About this recipe:This soup tastes fabulous. The diced potatoes absorb the flavours from the herbs and vegetables to make a mellow complement to the mussels. Warm soda bread is an ideal partner, delicious for dunking and mopping up the last of the soup. To complete the meal, serve a light, fruity dessert for a refreshing, vitamin-packed finale.
1 kg (2¼ lb) mussels in shells, scrubbed
2 tbsp extra virgin olive oil
1 onion, finely chopped
2 garlic cloves, finely chopped
2 leeks, thinly sliced
3 celery sticks, thinly sliced
2 carrots, diced
400 g (14 oz) potatoes, peeled and cut into small cubes
900 ml (1½ pints) vegetable stock, preferably home-made light
150 ml (5 fl oz) dry white wine
1 tbsp lemon juice
1 bay leaf
1 sprig of fresh thyme
4 tbsp chopped parsley
2 tbsp snipped fresh chives
salt and pepper
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Prepare the mussels: discard any broken shells or shells that do not close when tapped. Put the wet mussels into a clean saucepan and cover tightly. Cook over medium heat for 4 minutes, shaking the pan occasionally. Check that the mussels have opened – if not, cover and cook for a further 1–2 minutes. Drain the mussels, reserving the juices that have come from the shells. Reserve a few mussels in their shells for garnish; remove the remainder from their shells and set aside. Discard the shells and any unopened mussels.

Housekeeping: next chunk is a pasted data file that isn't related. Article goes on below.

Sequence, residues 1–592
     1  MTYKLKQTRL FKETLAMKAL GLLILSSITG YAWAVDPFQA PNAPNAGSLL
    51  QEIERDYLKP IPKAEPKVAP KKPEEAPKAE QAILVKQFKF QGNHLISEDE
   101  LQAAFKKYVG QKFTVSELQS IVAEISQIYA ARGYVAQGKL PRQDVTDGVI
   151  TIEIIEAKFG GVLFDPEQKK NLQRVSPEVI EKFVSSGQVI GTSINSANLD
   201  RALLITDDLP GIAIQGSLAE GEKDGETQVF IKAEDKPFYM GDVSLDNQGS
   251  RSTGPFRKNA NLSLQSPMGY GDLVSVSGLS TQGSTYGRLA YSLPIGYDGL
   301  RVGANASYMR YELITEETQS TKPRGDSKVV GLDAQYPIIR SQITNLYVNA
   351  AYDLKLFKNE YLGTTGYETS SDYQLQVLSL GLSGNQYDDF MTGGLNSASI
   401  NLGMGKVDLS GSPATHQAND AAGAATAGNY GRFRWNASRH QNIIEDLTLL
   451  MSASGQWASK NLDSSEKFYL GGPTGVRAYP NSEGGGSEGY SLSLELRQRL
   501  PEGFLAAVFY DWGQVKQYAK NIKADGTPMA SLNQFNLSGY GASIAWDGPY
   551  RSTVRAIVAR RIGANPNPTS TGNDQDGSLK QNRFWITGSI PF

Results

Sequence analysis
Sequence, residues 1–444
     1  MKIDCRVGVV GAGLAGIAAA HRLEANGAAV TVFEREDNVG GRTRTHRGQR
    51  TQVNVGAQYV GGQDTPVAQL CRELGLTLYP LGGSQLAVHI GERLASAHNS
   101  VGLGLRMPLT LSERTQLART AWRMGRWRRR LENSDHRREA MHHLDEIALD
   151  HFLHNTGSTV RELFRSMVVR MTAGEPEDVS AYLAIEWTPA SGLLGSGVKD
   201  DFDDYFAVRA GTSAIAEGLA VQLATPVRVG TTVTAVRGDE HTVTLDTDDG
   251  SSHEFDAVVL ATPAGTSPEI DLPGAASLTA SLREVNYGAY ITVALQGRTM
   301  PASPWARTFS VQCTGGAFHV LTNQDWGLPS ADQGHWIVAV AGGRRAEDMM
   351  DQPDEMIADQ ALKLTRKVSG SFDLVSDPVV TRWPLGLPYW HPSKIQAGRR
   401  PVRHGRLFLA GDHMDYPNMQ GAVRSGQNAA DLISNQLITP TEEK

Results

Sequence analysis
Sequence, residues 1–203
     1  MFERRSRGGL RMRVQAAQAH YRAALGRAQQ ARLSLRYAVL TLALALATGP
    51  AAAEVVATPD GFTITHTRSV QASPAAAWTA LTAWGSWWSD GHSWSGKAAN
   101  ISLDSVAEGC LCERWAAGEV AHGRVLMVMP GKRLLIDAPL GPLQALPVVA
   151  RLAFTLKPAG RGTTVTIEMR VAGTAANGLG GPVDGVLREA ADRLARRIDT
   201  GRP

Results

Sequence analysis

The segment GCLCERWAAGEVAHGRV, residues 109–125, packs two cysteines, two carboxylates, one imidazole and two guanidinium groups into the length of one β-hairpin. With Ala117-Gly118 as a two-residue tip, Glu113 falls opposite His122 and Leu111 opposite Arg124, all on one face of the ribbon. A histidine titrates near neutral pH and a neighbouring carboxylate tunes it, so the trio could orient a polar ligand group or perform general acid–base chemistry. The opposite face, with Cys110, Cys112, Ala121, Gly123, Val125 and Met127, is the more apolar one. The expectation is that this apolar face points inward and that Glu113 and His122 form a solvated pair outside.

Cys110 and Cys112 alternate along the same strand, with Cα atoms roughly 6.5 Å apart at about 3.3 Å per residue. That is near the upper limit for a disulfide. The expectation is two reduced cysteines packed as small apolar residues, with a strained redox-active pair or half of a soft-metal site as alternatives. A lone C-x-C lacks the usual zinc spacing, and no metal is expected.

Heat the oil in the rinsed-out saucepan. Add the onion, garlic, leeks, celery and carrots, and cook gently for 5–10 minutes, stirring frequently, until the vegetables are softened but not browned. Add the potatoes, stock, wine, reserved juices from the mussels, lemon juice, bay leaf, thyme and salt and pepper to taste. Bring to the boil, then reduce the heat to low. Cover the pan and simmer the soup gently for 20–30 minutes or until all the vegetables are tender.
Remove the bay leaf and thyme, then add the shelled mussels, parsley and chives to the pan. Heat gently for about 1 minute. Do not allow the soup to boil or cook for any longer than this or the mussels will become tough and shrink.
Ladle the soup into warm bowls and garnish with the reserved mussels in shells. Serve at once, while piping hot.
Cooked fresh mussels are available in most supermarkets, usually vacuum packed and displayed in chiller cabinets. Use 300 g (10½ oz) shelled mussels. Alternatively, use 2 cans mussels in brine, each about 250 g, or 4 cans smoked mussels in vegetable oil, each about 85 g. Drain the canned mussels and pat dry before adding them to the soup.
Like other shellfish, mussels are a good low-fat source of protein. They are an extremely good source of vitamin B12 and provide useful amounts of copper, iodine, iron, phosphorus and zinc. * Vitamin C from the potatoes, parsley and chives aids the absorption of iron from the mussels. * Celery is said to have a calming effect on the nerves.
Each serving provides
Excellent source of vitamin A. Good source of folate, vitamin B6, vitamin B12, vitamin C. Useful source of vitamin B1, vitamin B2, selenium.